[BFM] All About Cotton: Carded Cotton (CD) vs. Combed Cotton (CM)

[BFM] All About Cotton: Carded Cotton (CD) vs. Combed Cotton (CM)

Hey, it's Brandon from Jesco! 

We're starting a series called "Becoming a Fabric Master" where we break down some concepts and processes of various products within the textile manufacturing industry. I'll be your host for this series as we break down everything so you can become a fabric master by the end! 

I think it's only appropriate that we start this series off with the most essential material that laid the foundation of it all: Cotton.

Let's get into it!


Welcome, designers and brands, to another deep dive into the world of textiles! Today, we're shedding light on two cotton processing methods: Carded Cotton (CD) and Combed Cotton (CM). Let's break down the key differences, processes, and the pros and cons of each to help you make informed choices for your next textile creations.

Carded Cotton (CD): The Simple Start

Process: Carded cotton is like the cozy sweater of cotton processing. It begins with cleaning the cotton fibers to remove dirt and seeds. The fibers then meet a carding machine, which combs and separates them. However, it doesn't worry too much about aligning them perfectly, leaving a somewhat random arrangement. 

Carded Cotton is a simpler and more traditional method of cotton processing. Essentially, "carding" is the same as the action of separating the seeds from the fiber.


  • Cost-effective: CD cotton is budget-friendly, making it great for affordable clothing lines.
  • Softness: It feels gentle against the skin, perfect for comfy wear.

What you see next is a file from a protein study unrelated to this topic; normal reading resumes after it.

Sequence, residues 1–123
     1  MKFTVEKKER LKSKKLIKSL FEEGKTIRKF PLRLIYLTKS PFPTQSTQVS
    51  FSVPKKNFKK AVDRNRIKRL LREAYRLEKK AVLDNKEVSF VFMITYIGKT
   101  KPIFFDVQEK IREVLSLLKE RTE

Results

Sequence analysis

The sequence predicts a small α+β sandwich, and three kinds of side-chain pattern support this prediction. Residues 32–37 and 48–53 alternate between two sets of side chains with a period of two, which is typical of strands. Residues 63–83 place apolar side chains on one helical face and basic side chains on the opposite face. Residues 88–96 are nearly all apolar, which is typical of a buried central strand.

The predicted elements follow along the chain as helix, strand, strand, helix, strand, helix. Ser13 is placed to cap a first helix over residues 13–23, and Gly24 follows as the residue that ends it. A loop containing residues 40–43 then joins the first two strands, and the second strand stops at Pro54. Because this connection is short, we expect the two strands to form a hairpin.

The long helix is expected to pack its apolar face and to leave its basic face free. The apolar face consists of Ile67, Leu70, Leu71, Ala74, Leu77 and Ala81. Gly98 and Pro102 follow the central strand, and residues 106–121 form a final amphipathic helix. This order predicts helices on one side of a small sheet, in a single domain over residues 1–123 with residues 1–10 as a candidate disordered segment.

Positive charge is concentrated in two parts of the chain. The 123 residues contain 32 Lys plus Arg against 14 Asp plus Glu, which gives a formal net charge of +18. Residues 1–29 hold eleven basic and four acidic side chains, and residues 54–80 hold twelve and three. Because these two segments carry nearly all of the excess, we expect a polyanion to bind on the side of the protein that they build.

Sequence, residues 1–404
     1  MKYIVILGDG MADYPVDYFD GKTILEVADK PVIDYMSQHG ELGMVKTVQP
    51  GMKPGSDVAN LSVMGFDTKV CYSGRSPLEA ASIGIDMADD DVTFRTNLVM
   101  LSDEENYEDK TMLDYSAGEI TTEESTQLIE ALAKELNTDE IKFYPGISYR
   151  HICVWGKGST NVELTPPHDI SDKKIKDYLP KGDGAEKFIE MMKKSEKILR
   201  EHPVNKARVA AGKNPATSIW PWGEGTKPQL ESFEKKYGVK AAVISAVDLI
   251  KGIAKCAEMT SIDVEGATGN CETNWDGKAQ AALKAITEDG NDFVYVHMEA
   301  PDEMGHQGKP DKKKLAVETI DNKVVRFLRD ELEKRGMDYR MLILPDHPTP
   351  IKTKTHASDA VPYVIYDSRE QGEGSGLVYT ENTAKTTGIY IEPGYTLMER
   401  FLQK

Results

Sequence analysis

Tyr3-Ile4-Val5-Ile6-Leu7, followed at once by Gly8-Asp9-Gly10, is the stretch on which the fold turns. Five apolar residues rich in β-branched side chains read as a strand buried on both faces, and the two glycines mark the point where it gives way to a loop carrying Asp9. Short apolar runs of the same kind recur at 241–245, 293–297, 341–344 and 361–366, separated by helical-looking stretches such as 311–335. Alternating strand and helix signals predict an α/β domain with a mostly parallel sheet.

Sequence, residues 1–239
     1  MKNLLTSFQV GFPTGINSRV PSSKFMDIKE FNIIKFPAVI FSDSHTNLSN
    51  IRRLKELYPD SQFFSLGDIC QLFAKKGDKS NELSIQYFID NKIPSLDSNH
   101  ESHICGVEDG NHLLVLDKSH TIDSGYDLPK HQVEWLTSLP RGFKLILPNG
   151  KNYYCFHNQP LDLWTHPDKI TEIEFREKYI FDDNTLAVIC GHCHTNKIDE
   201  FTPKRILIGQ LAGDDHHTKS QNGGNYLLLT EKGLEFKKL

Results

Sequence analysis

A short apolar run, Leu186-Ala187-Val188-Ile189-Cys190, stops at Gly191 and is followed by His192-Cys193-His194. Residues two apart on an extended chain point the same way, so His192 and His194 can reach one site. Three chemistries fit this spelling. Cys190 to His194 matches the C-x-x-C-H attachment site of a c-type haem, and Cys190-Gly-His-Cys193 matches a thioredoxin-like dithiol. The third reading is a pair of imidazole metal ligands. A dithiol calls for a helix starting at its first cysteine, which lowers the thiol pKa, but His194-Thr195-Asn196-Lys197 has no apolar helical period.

• Casual Comfort: Ideal for everyday items like t-shirts, underwear, and basics.


  • Lower Quality: CD cotton lacks the uniformity and strength of combed cotton.
  • Shorter Fibers: The process leaves shorter fibers, leading to pilling and reduced durability.

Combed Cotton (CM): The Luxury Upgrade

Process: Combed cotton takes cotton refinement to the next level. After cleaning, it goes through a meticulous combing process to remove shorter fibers and any lingering impurities. This results in longer, finer, and more even cotton fibers, ready to create premium textiles. 

Combed cotton, like its carded counterpart, just adds another process to refine the carded cotton, hence the "upgrade". 

Fun Fact: Heard about "Supima" Cotton? Supima cotton is basically a type of cotton that is over a certain size.


  • Superior Quality: CM cotton boasts longer, uniform fibers, perfect for high-quality creations.
  • Less Pilling: Longer fibers mean less pilling, ensuring a polished appearance.
  • Enhanced Durability: The longer fibers contribute to the fabric's longevity.


  • Pricey: The extra processing steps make CM cotton more expensive.
  • Slightly Less Soft: While still soft, some might find it slightly less so compared to CD cotton.

Choose Wisely: Making the Decision

Your choice between CD and CM cotton should align with your product goals. If you're aiming for comfortable, budget-friendly basics, CD cotton is your go-to. However, if you're looking to create premium, long-lasting garments, CM cotton should be your top pick.

When you see something like this on the fabric spec sheet:

CM 20S/2 x CM20S/2 Cotton 

You now know that the fabric you have is a combed cotton!


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